If you’d like to read more about my villain the King in By Royal Command, my publisher has released an exclusive extended excerpt (the first five chapters!) free for a limited time.  You can find the goods here at  

I love hearing from readers!  Let’s keep in touch:
Happy reading!

By Royal Command
by Laura Navarre
Publisher: Harlequin/Carina Press
Release Date: July 2, 2012

Two brothers. One woman. Three hearts at war.

Katrin of Courtenay's husband is dead-and she doesn't mourn him. He was cruel and controlling, and she doesn't need a husband to hold her northern keep. But her vengeful uncle, the King of England, has other ideas: intent on marrying her off, he's ordered his Viking-bred warrior to return her to court.
On the journey, the Viking captures her interest, and for the first time Katrin understands passion. But her guard is honor-bound to deliver her to the king, and so it is settled-she must wed the mysterious Rafael le Senay, the Baron of Belmaine.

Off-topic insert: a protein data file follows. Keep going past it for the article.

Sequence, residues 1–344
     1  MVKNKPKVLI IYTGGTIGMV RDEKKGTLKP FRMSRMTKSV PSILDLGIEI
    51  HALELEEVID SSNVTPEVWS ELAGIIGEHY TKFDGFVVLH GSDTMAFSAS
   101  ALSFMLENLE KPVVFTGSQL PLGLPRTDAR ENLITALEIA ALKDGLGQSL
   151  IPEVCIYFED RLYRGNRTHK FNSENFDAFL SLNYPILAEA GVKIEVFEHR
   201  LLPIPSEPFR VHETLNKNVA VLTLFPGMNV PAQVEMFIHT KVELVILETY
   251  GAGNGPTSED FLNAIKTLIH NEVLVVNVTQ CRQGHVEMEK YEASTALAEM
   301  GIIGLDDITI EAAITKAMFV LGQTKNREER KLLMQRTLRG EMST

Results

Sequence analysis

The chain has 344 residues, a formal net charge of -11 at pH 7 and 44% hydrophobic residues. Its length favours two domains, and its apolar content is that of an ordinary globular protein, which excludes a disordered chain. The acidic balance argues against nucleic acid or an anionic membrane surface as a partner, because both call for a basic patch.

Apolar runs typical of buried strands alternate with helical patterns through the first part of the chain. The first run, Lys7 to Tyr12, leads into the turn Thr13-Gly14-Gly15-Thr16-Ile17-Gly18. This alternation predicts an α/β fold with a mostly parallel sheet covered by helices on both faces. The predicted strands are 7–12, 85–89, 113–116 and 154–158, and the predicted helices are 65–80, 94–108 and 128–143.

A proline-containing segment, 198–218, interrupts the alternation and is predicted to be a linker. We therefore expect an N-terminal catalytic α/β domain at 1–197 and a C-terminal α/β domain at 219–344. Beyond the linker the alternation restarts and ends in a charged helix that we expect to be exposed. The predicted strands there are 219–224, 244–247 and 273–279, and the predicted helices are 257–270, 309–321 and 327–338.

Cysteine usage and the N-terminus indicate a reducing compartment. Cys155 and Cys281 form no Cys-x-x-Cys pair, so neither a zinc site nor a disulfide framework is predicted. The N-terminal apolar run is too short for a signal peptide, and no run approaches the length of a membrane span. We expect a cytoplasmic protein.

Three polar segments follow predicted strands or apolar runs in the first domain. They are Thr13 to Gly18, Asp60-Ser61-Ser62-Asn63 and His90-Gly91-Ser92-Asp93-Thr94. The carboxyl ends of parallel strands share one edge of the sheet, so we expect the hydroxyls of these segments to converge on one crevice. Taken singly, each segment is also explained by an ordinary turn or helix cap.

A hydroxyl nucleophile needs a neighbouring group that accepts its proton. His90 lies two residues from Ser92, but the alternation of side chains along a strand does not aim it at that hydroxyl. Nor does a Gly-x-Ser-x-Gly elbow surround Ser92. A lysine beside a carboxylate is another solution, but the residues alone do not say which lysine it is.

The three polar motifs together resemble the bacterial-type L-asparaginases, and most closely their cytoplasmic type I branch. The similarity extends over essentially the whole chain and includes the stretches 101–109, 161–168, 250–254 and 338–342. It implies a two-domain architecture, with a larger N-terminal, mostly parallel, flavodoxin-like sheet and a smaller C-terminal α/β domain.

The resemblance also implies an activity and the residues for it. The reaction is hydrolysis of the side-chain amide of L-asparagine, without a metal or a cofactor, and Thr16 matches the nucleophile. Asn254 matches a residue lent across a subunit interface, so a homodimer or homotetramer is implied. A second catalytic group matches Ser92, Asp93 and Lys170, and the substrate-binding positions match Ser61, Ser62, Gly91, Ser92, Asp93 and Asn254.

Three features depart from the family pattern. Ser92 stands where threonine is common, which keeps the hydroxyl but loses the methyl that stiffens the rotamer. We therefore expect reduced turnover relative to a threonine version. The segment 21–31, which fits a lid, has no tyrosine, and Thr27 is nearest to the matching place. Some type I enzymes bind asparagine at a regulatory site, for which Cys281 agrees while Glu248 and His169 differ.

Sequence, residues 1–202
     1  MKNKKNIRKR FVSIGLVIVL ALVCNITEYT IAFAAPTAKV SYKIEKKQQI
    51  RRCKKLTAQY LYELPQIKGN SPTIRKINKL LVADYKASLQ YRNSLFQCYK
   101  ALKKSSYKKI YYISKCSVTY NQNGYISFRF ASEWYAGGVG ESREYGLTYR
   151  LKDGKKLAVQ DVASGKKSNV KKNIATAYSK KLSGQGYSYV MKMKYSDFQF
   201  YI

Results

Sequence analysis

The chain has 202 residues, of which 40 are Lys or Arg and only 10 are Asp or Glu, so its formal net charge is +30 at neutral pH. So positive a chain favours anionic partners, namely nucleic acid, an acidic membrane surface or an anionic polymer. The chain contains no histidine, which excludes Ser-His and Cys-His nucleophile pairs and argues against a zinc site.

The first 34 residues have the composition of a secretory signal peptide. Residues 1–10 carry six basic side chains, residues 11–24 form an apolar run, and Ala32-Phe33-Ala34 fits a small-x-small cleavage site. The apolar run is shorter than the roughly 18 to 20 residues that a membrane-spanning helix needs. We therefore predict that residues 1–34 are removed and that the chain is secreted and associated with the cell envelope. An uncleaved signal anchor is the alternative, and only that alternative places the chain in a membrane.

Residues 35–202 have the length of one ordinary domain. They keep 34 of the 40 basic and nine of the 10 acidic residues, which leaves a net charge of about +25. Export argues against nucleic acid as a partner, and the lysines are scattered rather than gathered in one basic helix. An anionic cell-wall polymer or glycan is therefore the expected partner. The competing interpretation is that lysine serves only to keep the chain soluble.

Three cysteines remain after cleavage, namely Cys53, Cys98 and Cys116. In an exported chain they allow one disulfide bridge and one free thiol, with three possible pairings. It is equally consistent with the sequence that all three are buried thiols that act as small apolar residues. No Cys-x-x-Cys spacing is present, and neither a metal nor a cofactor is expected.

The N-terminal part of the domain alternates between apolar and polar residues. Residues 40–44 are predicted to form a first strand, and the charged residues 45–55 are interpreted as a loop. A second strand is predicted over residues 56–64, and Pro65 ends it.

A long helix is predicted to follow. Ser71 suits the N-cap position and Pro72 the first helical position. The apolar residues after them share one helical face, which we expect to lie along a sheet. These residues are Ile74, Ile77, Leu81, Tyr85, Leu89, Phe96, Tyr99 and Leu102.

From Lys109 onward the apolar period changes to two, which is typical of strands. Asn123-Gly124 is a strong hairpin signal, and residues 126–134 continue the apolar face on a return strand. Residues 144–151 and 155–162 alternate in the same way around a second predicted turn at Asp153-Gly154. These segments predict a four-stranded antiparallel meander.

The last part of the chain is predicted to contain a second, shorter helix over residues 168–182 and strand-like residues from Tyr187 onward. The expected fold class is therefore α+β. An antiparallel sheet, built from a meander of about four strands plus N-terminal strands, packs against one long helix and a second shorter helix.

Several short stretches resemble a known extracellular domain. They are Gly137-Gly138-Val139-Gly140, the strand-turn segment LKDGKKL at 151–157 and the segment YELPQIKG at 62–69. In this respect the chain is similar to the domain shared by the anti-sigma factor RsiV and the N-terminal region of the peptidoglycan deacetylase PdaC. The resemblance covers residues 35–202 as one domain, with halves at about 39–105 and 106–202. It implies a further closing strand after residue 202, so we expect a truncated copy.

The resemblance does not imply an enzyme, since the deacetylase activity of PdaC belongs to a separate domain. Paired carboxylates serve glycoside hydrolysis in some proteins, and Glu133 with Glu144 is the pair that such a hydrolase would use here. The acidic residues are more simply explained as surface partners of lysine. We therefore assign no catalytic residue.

A forced marriage to a stranger slowly becomes something more, and Katrin realizes she is in love with Rafael. But with the shadow of her former lover hanging over her, and Rafael's powerful brother making dangerous plans, can Katrin negotiate the delicate balance between survival and happiness?

Read an Excerpt of By Royal Command:

Author Bio for Laura Navarre

In her other life, Laura Navarre is a diplomat who’s lived in Russia and works on weapons of mass destruction issues. In the line of duty, she’s been trapped in an elevator in a nuclear power plant and has stalked the corridors of facilities churning out nerve agent and other apocalyptic weapons. In this capacity, she meets many of the world’s most dangerous men. 

Inspired by the sinister realities of her real life, Laura writes dark medieval and Renaissance romance with a dash of political intrigue. A member of Romance Writers of America’s Published Author Network (PAN) and a 2009 Golden Heart finalist, she has won the Emily Award for Excellence, the First Coast Romance Writers Beacon Award, the Georgia Romance Writers Maggie Award, the Golden Pen, the Duel on the Delta, Hearts through History’s Romance through the Ages, and other awards.